Brazilians Are Accumulating Debt By Not Understanding Credit Card Conditions

 @PReyMallen on December 06 2013 4:27 PM

Brazil has been getting mixed financial reviews lately. The last GDP report, which showed that the country’s economy contracted 0.5 percent in the third quarter, was a disappointment, but unemployment is going down and wages are going up. Analysts also showed confidence that the country will regain its lost ground by early 2014, but also expressed concern over the limits of the current economic model based on consumer spending as opposed to investment.

Consumer spending is still going strong, but at a high price: Brazilians are more in debt than ever, despite the fact that requirements for credit are very strict in Brazil, and that the amount of debt would be considered extremely low when compared to the average in the U.S. According to statements by the Brazilian Central Bank, Brazilian household debt is equivalent, on average, to 45.36 percent of household income. In the U.S., it's 101.7 percent.

However, the amount of debt an American families face is very different from what a Brazilian household is able to pay. “In Brazil, a consumer who owes 28,000 reais ($12,000), and makes 1,800 ($770) a month, needs 1,100 ($470) for their needs and pay the minimum amount on their credit, is considered  ‘superindebted,’” said Vera Remedi, who oversees the government-funded Program for the Supreindebted, or PAS.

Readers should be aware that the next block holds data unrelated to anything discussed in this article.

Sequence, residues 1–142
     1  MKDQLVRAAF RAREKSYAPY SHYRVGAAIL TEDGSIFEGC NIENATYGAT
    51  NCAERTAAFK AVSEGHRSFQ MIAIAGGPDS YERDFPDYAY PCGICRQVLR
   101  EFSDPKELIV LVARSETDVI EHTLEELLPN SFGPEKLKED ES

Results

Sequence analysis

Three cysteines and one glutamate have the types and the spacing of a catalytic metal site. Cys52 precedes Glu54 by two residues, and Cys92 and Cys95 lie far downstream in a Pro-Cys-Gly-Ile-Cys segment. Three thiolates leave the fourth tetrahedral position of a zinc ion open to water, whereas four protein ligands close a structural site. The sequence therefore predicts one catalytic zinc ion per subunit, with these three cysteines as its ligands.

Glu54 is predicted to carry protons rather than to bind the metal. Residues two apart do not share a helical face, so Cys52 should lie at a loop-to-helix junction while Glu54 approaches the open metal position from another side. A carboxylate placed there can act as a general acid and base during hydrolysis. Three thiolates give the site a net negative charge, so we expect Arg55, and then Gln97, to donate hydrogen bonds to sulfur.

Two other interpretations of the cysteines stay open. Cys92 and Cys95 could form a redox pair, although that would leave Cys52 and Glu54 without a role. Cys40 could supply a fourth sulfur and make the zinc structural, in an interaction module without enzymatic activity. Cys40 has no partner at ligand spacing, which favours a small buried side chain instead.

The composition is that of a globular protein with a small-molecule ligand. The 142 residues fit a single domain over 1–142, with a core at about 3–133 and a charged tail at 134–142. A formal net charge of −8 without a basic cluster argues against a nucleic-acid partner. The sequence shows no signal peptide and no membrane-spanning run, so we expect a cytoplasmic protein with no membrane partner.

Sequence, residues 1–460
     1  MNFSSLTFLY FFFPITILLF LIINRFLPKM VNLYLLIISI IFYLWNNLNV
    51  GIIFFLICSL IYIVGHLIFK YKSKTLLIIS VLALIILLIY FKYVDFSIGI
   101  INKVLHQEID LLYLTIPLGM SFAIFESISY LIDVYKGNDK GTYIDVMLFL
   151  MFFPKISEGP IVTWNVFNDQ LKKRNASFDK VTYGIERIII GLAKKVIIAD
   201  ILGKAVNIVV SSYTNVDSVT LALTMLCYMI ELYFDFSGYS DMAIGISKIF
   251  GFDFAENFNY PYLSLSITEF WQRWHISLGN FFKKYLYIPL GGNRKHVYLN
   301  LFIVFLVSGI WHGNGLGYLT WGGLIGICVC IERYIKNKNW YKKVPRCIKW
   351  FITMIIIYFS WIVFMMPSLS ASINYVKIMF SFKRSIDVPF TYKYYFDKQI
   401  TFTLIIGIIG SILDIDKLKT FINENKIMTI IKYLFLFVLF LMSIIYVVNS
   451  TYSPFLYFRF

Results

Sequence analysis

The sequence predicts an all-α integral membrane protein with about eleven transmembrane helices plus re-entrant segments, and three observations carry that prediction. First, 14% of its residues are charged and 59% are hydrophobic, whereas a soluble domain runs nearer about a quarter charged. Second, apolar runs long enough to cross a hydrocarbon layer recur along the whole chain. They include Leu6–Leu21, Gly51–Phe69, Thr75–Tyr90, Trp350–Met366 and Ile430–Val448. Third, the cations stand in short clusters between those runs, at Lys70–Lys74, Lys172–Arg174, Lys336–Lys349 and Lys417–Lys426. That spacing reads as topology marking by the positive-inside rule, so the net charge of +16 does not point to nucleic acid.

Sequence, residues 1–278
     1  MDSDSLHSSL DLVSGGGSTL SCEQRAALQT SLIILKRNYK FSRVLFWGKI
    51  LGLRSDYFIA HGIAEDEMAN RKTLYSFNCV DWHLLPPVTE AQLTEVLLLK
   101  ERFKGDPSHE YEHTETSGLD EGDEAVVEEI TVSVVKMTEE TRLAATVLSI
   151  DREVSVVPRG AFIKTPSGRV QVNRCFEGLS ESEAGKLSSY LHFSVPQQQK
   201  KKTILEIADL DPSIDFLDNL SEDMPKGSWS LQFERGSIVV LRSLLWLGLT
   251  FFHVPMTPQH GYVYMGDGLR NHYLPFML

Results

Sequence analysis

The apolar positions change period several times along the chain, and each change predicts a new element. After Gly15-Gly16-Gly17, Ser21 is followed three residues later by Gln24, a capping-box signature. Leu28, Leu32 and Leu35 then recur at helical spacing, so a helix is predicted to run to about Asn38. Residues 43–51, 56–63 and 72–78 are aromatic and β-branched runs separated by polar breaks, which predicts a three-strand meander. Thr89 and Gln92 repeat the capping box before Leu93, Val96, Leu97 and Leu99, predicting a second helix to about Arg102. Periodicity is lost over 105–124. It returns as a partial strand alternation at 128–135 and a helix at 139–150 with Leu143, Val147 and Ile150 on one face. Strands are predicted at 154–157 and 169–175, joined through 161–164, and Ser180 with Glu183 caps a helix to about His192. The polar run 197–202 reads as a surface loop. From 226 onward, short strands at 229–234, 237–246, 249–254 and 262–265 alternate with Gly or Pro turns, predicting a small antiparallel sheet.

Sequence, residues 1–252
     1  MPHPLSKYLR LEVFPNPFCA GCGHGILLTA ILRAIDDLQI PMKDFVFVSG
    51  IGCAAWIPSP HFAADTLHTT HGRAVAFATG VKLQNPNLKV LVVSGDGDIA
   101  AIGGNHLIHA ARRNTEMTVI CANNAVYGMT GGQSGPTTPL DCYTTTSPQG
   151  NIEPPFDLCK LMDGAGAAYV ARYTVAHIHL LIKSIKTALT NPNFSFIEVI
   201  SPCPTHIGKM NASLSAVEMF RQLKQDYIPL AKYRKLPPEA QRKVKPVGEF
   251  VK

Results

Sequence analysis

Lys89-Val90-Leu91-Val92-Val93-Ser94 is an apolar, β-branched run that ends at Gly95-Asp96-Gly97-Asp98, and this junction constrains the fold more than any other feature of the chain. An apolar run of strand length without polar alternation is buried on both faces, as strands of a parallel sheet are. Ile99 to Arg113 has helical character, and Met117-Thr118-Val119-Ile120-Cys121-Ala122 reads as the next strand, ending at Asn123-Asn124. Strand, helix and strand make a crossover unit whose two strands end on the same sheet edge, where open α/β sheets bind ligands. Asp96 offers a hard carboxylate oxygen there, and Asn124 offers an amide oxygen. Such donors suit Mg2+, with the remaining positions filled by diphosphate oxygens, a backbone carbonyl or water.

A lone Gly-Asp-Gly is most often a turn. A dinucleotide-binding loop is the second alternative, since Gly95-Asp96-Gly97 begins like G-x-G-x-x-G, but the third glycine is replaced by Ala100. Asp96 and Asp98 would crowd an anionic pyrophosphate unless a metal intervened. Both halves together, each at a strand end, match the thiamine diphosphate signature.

The program helps people renegotiate their loan-payment conditions with the banks, taking into account their income, debt amount and steady expenses. In its first year, PAS has helped 1,000 people in Brazil. Yet data from the Brazilian Central Bank show that consumer credit is still around 55 percent of the country’s GDP, as opposed to the 70 percent figure for the U.S. and the UK.  

The average customer of PAS is not, as one might expect, an overspender. They are mostly middle-class families that needed a little extra money and work hard to repay their debts, Remedi says. “They cannot sleep because they know how much they owe, because there is no food on their plates,” she added.

This is the so-called Class C, which grew with the economic boom of Brazil in the early 2000s by applying for loans and credit cards that made previously unattainable luxuries affordable for the first time. The problem is that most Brazilian families do not understand many of the payment conditions. “Many use their credit cards as a salary extension, as opposed to a credit process. They use it for trivial or everyday purchases, without heeding the fact that they will have to repay it with an added interest,” said Wesley Silva, analyst from the research center Fundación Getúlio Vargas.

In a survey conducted by FGV on credit cards, only a third of the 1,000 people interviewed knew about the interest.

Remedi explained that in Brazil, despite the difficulties in obtaining a line of credit, whether through loans or a credit card, it is easy to get indebted heavily. “If you pay the minimum required amount on your credit card, in three months you’ll be stuck on interest -- which is the flaw in the plan of many consumers,” she said. 

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